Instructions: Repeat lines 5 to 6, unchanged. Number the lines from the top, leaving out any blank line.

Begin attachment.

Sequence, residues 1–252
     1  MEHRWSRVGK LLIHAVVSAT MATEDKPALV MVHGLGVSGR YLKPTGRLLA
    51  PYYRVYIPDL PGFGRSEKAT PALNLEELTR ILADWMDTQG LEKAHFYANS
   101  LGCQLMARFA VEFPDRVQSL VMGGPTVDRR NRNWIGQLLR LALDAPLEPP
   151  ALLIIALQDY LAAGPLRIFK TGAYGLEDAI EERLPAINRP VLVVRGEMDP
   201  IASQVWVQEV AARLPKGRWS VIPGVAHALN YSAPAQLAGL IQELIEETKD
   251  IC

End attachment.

   151  ALLIIALQDY LAAGPLRIFK TGAYGLEDAI EERLPAINRP VLVVRGEMDP
   201  IASQVWVQEV AARLPKGRWS VIPGVAHALN YSAPAQLAGL IQELIEETKD